New York: Morgan Stanley posted better-than-expected first-quarter profit on Wednesday on strong fixed income trading results, sending its shares up.
Net income for the New York-based bank was $1.4 billion, or 99 cents per share, versus a loss of $578 million, or 57 cents per share, a year earlier.
Excluding items, it earned 78 cents a share while analysts on average expected a profit of 57 cents per share, according to a survey of analysts by Thomson Reuters I/B/E/S.
Net revenue was $9.1 billion.
Its shares gained 1.5% to $30.90 in pre-market trading.
Morgan Stanley, which reported a yearly loss for 2009, is looking for a rebound year in 2010 under the leadership of new chief executive James Gorman. Gorman shuffled his leadership team as he took the helm of the firm at the start of the year.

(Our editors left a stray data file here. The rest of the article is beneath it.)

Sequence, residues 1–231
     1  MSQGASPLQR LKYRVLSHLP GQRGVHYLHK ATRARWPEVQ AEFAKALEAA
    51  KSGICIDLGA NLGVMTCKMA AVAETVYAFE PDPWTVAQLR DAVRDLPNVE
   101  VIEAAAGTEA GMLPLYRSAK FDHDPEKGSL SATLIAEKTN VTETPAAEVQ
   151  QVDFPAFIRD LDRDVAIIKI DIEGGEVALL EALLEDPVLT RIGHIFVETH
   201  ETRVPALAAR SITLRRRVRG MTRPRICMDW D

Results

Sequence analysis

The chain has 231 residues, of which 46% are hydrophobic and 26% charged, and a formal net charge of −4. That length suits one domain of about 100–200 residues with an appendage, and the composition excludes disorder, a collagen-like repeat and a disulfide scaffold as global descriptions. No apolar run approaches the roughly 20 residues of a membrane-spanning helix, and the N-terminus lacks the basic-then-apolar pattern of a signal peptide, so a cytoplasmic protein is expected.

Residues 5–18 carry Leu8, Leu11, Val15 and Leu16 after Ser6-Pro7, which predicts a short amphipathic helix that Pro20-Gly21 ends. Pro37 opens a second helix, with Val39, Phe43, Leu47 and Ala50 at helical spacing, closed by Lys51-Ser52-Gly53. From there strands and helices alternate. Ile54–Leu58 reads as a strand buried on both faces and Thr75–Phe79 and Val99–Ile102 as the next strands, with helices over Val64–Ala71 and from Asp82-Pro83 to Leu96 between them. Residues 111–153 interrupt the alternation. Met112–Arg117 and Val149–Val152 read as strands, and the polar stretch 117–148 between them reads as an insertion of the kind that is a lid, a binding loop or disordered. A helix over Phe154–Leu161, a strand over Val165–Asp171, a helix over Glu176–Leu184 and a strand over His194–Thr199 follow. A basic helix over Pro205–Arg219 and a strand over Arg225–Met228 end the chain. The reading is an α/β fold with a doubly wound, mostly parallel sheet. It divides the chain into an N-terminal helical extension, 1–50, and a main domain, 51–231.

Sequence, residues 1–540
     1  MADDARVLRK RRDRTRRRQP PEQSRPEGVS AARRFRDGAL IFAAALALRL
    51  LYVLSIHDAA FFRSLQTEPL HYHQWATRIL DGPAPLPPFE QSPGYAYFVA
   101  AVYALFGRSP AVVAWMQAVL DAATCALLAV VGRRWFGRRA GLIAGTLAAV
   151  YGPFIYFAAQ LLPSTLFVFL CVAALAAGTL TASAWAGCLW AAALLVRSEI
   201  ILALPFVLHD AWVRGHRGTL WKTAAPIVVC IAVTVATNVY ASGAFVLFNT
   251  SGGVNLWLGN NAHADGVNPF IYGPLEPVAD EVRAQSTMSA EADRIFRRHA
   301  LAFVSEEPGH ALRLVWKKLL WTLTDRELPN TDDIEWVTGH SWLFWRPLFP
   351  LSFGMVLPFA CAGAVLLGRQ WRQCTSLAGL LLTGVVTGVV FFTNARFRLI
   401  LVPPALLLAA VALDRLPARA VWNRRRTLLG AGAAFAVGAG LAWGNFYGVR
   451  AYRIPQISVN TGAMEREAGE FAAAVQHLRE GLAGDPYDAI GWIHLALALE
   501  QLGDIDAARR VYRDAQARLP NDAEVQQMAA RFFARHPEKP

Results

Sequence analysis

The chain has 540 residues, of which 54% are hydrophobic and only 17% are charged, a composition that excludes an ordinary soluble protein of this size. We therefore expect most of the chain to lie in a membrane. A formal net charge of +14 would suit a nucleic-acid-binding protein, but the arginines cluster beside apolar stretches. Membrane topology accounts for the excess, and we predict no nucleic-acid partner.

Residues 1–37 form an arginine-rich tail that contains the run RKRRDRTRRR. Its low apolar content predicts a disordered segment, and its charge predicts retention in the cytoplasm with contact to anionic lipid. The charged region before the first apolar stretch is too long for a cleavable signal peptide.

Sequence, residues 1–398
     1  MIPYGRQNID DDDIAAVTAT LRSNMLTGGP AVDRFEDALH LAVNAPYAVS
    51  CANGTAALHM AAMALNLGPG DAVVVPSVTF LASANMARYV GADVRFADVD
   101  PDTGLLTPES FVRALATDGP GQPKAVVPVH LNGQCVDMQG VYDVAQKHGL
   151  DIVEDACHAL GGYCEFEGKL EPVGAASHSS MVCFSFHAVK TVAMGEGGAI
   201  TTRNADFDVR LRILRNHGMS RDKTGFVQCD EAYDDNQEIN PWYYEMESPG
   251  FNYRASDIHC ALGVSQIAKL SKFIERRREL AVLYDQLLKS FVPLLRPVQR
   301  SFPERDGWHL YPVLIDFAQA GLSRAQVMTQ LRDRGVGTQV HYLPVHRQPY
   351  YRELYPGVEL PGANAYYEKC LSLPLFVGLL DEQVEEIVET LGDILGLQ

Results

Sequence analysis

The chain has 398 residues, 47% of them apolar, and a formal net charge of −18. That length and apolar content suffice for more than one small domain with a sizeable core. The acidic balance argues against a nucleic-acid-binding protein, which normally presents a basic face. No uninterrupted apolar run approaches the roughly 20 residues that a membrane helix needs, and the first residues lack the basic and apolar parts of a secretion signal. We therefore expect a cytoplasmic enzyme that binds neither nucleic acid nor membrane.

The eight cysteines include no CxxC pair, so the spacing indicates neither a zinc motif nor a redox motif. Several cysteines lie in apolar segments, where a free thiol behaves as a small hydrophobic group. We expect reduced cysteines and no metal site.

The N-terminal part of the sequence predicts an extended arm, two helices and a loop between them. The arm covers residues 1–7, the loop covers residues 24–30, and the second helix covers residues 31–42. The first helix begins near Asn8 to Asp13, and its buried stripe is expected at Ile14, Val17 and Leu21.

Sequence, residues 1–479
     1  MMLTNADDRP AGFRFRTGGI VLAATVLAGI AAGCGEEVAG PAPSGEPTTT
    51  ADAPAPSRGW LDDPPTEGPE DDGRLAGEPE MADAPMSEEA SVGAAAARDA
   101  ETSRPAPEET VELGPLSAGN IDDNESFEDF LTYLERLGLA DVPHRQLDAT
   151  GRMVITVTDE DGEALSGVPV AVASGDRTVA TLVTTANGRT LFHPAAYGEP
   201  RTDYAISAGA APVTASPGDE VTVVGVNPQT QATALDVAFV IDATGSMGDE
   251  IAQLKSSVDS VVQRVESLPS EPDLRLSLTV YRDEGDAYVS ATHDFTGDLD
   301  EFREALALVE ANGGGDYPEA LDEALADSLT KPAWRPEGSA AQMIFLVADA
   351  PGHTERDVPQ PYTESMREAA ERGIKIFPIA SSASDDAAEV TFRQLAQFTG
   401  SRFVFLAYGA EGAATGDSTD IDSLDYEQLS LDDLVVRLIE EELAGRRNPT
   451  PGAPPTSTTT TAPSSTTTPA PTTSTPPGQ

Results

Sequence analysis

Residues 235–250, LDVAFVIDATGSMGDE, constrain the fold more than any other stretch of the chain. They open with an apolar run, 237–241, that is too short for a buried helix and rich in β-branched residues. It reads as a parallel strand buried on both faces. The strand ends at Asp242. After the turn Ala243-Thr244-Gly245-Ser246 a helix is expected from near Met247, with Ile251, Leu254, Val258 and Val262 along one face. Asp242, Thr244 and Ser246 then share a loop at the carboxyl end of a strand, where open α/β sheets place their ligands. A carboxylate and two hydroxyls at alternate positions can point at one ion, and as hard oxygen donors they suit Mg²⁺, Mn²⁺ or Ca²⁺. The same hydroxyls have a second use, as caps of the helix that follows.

Morgan Stanley has lagged behind chief rival Goldman Sachs Group Inc in its recovery from the financial crisis. Goldman used out-sized trading profits to drive a record profit in 2009.
Morgan Stanley, though, scaled back risk on its trading desks after the financial crisis and missed out on the windfall trading profits. The firm hired hundreds of traders and salespeople in the second half of 2009 as it joined in the rebound..
Morgan Stanley’s fixed income sales and trading revenues more than doubled to to $2.7 billion from $1.2 billion a year ago.
Even though Morgan Stanley’s results in 2009 disappointed, the firm set aside 62% of net revenues for compensation -- a ratio Gorman has promised to reduce.
In the first quarter, Morgan Stanley set aside $2.2 billion for compensation, or 41 percent of revenues compared to 65% a year ago.
Morgan Stanley is also in the process of integrating Morgan Stanley Smith Barney, the largest retail brokerage.
Morgan Stanley Smith Barney reported net new assets of $5.8 billion, compared to a loss $4.6 billion in the fourth quarter of 2009.
Shares of Morgan Stanley closed at $30.45 on Tuesday, up 3.01%.
Morgan Stanley’s shares trade at about 1.1 times their book value, or their value based on the company’s assets minus liabilities. That level is below Goldman’s ratio of 1.3.